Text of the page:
Interestingly enough, as leaders at Amazon.com we were required to write out our ideas in a long, narrative form, which may seem contrary to the value of clarity. After all, don’t most business presentations involve a series of bullet-point PowerPoint slides that are supposed to boil down complex concepts into a handful of brief, vivid phrases?
But at Amazon, PowerPoint slides were not allowed. If you needed to explain a new feature or investment to the S-Team or Jeff himself, you began by writing a five to seven-page essay. After you finished that, you reviewed it and trimmed it down to maybe two pages of text for the executives. I can’t tell you how many of my weekends were consumed by this writing and editing process. Then, at the beginning of the meeting, you would pass out this narrative and sit quietly for ten minutes while everyone read it.
The two-page document was a useful tool for sharing a set of ideas with your colleagues. But even more important was the process of working on the plan or proposal, describing it in a narrative so that important nuances, principles and features were clear is a critical goal. As Dwight D. Eisenhower said, “It's not the plan, it's the planning that counts.”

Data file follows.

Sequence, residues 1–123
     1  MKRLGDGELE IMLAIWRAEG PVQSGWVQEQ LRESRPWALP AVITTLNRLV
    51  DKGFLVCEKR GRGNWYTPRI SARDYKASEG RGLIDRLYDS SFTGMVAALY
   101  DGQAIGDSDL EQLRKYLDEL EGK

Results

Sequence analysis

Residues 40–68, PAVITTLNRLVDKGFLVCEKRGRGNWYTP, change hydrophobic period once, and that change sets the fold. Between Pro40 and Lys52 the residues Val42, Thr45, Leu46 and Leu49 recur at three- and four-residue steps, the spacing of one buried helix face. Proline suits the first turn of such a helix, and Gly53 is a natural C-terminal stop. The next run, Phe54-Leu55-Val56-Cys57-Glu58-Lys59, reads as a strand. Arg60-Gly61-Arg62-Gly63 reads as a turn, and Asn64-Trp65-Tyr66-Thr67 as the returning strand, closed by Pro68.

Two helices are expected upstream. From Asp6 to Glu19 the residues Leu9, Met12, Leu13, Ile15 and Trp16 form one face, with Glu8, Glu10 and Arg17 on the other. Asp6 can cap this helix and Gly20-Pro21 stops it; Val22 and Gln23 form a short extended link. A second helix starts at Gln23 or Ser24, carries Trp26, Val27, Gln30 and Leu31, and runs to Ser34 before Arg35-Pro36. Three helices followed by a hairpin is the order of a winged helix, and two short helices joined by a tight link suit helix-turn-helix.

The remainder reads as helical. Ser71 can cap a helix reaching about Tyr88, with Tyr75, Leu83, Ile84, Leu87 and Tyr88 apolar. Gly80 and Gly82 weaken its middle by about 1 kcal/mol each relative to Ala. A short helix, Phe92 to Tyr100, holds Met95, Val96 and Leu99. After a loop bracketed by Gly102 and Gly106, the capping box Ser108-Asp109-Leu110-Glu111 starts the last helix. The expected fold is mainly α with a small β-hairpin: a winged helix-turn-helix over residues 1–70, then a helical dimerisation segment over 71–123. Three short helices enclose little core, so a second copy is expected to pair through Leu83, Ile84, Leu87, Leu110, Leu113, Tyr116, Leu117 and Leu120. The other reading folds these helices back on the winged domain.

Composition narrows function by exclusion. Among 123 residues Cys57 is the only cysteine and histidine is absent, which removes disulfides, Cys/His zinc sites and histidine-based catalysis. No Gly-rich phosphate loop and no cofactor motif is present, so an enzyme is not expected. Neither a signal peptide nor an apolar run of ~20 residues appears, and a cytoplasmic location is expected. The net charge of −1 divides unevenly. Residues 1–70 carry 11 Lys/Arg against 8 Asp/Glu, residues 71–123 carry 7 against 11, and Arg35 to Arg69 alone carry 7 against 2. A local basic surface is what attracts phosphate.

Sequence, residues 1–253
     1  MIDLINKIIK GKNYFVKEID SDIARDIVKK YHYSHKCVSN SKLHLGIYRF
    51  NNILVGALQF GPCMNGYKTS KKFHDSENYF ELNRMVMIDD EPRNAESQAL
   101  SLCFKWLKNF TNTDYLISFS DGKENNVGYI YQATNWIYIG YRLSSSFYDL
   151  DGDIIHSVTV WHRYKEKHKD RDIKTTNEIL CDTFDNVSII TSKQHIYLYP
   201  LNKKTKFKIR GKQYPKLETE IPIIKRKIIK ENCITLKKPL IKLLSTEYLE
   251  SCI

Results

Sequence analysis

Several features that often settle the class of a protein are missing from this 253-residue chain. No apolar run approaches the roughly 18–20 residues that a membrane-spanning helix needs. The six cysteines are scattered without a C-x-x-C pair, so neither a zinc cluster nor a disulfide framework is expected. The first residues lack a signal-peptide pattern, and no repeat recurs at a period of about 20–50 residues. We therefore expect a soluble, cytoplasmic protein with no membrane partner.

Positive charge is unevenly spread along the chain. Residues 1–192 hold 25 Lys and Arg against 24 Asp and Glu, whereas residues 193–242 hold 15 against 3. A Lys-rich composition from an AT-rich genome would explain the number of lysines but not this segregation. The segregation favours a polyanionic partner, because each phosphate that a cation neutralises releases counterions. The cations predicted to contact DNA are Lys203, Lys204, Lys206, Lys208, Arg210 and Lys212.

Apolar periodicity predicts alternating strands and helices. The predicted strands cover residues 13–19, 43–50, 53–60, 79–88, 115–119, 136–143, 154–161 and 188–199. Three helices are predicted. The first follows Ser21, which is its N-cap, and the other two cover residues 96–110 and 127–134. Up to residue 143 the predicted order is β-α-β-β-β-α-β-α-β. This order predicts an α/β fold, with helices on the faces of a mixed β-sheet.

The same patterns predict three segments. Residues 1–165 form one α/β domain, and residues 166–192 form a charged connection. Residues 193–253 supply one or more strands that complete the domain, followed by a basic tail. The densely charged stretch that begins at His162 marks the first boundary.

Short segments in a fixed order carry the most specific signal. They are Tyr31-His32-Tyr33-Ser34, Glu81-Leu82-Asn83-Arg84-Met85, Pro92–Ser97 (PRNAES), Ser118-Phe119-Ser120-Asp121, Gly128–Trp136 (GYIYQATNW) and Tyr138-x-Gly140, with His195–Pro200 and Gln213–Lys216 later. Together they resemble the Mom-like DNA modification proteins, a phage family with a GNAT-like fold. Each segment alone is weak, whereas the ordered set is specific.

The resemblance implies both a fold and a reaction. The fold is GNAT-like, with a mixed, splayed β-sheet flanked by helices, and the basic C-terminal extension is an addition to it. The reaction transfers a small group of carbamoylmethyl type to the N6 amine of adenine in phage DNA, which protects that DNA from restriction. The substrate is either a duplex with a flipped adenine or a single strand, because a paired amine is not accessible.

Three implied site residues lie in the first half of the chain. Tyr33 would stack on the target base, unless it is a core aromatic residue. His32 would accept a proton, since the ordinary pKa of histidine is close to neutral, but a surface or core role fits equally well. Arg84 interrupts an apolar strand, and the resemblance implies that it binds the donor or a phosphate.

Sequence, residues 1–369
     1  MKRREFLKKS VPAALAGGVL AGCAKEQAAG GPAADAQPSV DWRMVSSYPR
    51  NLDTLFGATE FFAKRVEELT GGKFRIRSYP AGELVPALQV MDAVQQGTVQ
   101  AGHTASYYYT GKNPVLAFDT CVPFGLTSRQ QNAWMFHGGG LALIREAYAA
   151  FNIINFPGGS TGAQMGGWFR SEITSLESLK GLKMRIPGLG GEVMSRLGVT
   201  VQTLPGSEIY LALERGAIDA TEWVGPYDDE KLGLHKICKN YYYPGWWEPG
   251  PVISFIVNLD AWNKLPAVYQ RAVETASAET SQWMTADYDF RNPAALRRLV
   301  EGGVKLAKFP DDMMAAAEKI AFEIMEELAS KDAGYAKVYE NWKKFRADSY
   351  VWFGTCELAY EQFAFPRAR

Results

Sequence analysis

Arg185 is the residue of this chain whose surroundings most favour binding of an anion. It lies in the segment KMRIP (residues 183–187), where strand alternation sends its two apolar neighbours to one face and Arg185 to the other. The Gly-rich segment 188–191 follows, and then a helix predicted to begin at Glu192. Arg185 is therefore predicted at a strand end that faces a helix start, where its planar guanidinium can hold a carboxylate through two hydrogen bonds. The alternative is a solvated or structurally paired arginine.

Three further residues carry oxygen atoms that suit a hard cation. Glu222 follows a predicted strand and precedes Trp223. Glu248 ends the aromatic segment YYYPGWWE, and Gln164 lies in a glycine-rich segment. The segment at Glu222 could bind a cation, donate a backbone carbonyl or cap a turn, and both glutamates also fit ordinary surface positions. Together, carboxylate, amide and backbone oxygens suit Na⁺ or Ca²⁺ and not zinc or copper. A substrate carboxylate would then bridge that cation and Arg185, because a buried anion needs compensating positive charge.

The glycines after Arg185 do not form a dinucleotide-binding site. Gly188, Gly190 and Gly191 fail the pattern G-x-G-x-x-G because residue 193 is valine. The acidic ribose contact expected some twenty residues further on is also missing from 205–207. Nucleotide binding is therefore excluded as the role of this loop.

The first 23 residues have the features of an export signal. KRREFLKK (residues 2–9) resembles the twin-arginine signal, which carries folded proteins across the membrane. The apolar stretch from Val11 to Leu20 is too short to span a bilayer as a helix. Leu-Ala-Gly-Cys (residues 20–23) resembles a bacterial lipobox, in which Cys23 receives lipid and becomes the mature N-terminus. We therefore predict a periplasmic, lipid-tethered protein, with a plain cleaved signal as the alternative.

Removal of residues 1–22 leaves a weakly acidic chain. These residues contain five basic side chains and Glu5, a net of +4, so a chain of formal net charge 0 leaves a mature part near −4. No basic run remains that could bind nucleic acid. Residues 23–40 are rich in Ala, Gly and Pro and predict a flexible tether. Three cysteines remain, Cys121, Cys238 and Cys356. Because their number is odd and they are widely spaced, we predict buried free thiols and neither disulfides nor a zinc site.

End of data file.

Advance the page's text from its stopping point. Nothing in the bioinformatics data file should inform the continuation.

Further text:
Jeff believes that reliance on PowerPoint presentations dumbs down the conversation and does not push teams to think all the way through their topic. As he explained in a 2013 Charlie Rose interview, “When you have to write your ideas out in complete sentences and complete paragraphs, it forces a deeper clarity of thinking.” By contrast, in the typical PowerPoint show, “You get very little information, you get bullet points. This is easy for the presenter, but difficult for the audience.”
By contrast, written documents share more information without the need of additional explanation. When you have to be super specific, it further drives a culture of clarity, commitment and accountability.
Jeff also believes that successful leaders, when presented with new evidence and data, are able to adapt their perspective. Accordingly, he looks for people who are constantly revising their understanding and circling back on problems they thought they’d already solved. He also looks for leaders who can maintain a remarkably granular understanding of their businesses through metrics, intensity, and great program execution. (It’s a principle I will further explore in Chapter 12, “Dive Deep.”)